For contingent workforce program owners, maintaining strong relationships with your providers and understanding their business trends are key to getting the best talent to fill your workforce needs. And this is even more important in the current environment, where talent is in scarce supply — especially on short notice and for temporary roles.
Published every other month, SIA’s US Staffing Industry Pulse Survey Report provides the contingent workforce buyer with insight into the supplier’s environment and how it affects them. This article discusses results from the November 2021 Pulse Survey Report; the survey included 163 participating staffing firms.
Temporary staffing revenue from the November Pulse survey was in line with numbers from the prior survey. Respondents reported a median 27% year-over-year increase in their US temporary staffing revenue in October, up slightly from the 26% year-over-year increase in August.
Bill rates, new orders still trending upward. The survey offers some insight into bill rates and new orders. A net 67% of staffing firms reported an increasing trend in bill rates over the last three months and a net 48% expect an increasing trend in the next six months. In addition, 80% of firms reported an increasing trend in new orders over the last three months and a net 73% expect an increasing trend in the next six months.
This means staffing firms have plenty of options and reinforces the importance of a buyer being top-of-mind with their providers in order to get the best service, talent and rates.
Your provider landscape. The healthcare sectors dominated with the travel nurse skill segment continuing to benefit from the pandemic, with median year-over-year revenue growth exceeding 100%.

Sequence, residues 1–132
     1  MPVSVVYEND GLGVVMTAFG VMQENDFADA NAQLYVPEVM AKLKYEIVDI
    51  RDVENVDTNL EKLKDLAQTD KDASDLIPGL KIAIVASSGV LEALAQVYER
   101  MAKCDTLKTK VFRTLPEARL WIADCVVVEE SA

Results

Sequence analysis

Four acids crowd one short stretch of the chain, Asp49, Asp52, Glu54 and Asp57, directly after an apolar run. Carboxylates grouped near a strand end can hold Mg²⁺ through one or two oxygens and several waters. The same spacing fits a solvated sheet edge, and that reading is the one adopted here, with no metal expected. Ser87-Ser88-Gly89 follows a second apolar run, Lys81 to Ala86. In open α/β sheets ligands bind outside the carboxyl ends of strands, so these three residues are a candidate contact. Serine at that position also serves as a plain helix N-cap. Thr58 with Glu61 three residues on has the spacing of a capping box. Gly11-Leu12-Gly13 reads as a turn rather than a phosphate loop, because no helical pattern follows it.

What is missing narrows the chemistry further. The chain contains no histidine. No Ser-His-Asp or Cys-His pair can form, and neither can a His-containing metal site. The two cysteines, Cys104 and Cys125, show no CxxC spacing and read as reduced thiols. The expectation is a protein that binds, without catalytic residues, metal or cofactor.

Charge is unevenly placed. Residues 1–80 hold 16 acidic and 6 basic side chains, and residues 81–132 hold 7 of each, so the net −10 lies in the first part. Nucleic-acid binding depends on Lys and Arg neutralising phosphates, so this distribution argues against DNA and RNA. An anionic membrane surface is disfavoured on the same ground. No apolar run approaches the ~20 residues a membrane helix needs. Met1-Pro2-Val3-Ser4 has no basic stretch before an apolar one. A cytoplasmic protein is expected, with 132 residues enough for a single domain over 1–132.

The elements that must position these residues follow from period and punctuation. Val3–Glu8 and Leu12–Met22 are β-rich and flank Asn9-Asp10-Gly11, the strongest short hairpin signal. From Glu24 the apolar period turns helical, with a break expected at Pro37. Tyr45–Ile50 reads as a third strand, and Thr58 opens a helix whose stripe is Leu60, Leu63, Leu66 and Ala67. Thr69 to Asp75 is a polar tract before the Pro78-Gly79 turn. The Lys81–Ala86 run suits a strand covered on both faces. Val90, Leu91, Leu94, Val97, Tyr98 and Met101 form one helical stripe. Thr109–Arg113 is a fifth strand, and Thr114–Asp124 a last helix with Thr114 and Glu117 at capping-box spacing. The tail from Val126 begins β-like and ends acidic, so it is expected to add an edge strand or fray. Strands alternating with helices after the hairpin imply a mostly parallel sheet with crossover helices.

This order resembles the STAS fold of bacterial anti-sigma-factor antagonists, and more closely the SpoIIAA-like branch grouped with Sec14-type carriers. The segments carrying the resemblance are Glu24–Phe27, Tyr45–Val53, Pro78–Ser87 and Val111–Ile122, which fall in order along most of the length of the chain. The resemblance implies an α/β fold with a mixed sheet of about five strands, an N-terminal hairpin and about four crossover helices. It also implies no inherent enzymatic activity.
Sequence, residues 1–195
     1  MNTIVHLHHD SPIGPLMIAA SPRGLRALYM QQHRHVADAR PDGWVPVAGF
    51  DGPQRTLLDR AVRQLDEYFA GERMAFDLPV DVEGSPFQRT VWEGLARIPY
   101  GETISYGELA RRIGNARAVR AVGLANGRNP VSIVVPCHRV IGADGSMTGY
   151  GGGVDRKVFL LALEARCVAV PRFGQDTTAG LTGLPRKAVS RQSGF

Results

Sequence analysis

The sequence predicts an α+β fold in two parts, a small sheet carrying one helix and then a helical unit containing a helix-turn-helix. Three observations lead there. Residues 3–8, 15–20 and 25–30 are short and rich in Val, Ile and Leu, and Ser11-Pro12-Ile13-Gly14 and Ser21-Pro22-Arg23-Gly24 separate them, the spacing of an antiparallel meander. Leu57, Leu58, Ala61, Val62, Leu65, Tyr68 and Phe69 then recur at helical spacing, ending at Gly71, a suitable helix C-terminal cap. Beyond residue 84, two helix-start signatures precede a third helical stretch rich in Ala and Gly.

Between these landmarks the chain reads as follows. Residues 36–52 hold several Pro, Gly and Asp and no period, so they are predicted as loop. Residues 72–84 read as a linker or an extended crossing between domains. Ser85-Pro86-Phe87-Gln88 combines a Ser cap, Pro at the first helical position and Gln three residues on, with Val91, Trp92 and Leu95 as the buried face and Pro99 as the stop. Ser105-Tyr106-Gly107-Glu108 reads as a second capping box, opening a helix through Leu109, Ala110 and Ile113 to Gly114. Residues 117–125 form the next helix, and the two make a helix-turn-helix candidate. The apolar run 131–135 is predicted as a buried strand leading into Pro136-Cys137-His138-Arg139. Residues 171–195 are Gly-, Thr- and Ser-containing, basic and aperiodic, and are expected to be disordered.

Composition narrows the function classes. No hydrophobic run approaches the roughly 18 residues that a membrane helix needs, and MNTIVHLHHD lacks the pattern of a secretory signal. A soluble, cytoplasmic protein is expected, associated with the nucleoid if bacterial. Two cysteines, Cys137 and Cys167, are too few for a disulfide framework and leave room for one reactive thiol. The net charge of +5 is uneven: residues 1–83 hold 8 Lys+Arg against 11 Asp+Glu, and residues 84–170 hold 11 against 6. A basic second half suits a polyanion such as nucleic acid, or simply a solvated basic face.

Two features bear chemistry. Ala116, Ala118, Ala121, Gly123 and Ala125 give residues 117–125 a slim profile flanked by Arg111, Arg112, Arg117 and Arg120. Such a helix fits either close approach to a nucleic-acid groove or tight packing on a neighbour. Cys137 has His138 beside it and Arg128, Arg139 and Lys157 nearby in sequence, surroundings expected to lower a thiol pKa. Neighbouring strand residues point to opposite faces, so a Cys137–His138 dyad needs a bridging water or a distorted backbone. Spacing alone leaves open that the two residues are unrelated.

Amid nonhealthcare sectors, the strongest growth came from IT and marketing/creative staffing, both of which saw revenue rise a median 21% year over year; office/clerical and industrial followed, up by 19% and 17%, respectively. No segments reported median year-over-year declines in revenue. Direct-hire revenue was up 55%.
Is the tight labor market easing? Recruiting difficulty has soared to record highs throughout 2021 while sales difficulty has been dropping to record lows, according to the year’s reports. However, the two metrics have converged to an extent in the November report, with sales difficulty increasing to 2.26 from 2.14 and recruiting difficulty decreasing to 3.63 from 3.88 (on a five-point scale). Both values are notably still below and above their respective historical values, but the narrowing convergence could be a sign that the tight labor market is loosening to an extent — which is good news for staffing buyers.